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review 2018-01-18 20:25
Mema by Daniel Mengara
Mema - Daniel Mengara

This novella was a pleasant surprise. It’s told from the perspective of a boy who grew up in a traditional village society in Gabon, and the beginning didn’t seem to bode well due to some repetition and meandering. But it soon hits its stride, and once I realized that the style of storytelling, with a certain amount of repetition, was drawing on oral tradition, it became much more palatable.

This short book is perhaps reminiscent of someone telling stories around a fire in way the narrator moves from one subject to the next. He first builds a picture of his childhood world, recalling how the community traditionally solved problems like wives leaving their husbands (this involves large meetings between both villages, since a marriage between two people is the marriage of their families). Then he talks about his mother, a woman with a strong personality who has the misfortune of losing her husband and daughters and being accused of sorcery by her husband’s village, but refuses to give up. And then he moves on to his young life in the village and for a few years with his adult cousin in town. It isn’t strictly plot-driven and there are stories within the story, like the village legend dealing with children’s duties to their parents. But I found it to be well-told and engaging.

Interestingly, some reviewers seem to have understood this as a book about the tension between tradition and modernity. I saw it much more as an ode to the narrator’s mother and to traditional village life, with a brief foray to the city, though the end implies that the narrator will later rejoin the modern world. Nevertheless, one of its strongest passages is all about that tension between the two:

“The white man's world was like that. It made you think about things, not people. It made you forget about people. It made you want things. It made you want many things. And when you started to want many things, you had no time left for thinking about people, because you spent so much time trying to get those things you wanted. So you forgot about everyone. And you no longer cared about anyone else, and no one else cared about you. You were left alone to fend for yourself because everybody else was so busy fending for themselves too.”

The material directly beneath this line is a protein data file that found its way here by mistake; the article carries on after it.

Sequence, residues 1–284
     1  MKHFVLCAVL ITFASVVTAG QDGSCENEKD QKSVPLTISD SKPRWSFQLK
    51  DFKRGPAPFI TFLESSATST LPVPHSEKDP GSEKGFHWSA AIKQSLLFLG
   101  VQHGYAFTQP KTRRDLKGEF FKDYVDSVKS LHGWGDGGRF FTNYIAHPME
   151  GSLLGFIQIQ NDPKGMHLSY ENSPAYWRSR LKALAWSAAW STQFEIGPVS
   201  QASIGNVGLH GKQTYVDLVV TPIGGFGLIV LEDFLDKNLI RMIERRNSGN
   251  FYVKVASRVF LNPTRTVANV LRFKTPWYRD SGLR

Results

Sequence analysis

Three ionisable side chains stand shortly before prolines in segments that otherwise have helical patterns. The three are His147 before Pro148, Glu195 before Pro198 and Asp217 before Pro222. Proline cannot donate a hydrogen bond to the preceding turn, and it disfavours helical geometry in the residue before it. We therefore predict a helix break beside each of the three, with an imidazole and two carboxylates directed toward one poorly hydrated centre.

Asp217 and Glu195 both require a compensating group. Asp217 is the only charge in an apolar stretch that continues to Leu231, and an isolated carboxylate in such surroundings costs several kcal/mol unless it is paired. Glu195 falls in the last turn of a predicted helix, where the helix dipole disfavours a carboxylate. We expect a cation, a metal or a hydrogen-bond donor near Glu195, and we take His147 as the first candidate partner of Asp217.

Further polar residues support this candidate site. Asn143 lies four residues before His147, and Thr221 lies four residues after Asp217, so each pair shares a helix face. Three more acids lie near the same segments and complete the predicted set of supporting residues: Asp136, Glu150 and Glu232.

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review 2018-01-18 20:10
Review: An Artist of the Floating World
An Artist of the Floating World - Kazuo Ishiguro

Writing a review of a Kazuo Ishiguro book is like reading a Kazuo Ishiguro book: it's the same thing as the last time. What can I say different in this review? It's mostly the same: Ishiguro is a brilliant author with a gorgeous understanding of the language; he drops that displaced unreliable narrator right into the middle of your living room to win your affection and confuse the hell out of you; then he pulls the thread holding everything together and it all crumples. It always works, sometimes better than others. This is my fifth outing with Ishiguro and it's always similar. Each time, the primary departure from the previous story is a variation in time and place.

What makes An Artist of the Floating World different? Well, in this one the time and place is post-WWII Japan. The story centers on Ono, an imperialist who is trying to find his place in a Japan dominated by the politics and culture of its American occupiers. The story has obviously wonderful dynamics and Ishiguro's outsider status—he hadn't seen Japan since he was five years old—lends emotional strength and believability to the plight of Ono.

How does it compare to other works of Ishiguro's? This one falls right in the middle for me. It has a much more interesting and well-built story than the author's first and his most recent, A Pale View of the Hills and The Buried Giantrespectively. Also, Ono's narrative is thoroughly engaging. The novel does not, however, have nearly the emotional weight that Ishiguro's two most famous novel have. The Remains of the Day and Never Let Me Go both carry such an unexpected punch that I found it difficult to distance myself from them afterwards. Ono's unreliability is established so early and mentioned so frequently that I think it's hard for the reader to ever fall completely under his spell. In the end, you're not quite sure what the truth is. With Remains...'s Stevens and Never Let Me Go's Kathy, the truth was painfully clear to everyone but the narrators themselves. An Artist of the Floating World lacks this subtle brutality, but it is still a wonderful story that effectively addresses the changing views of Japanese art and culture during reconstruction.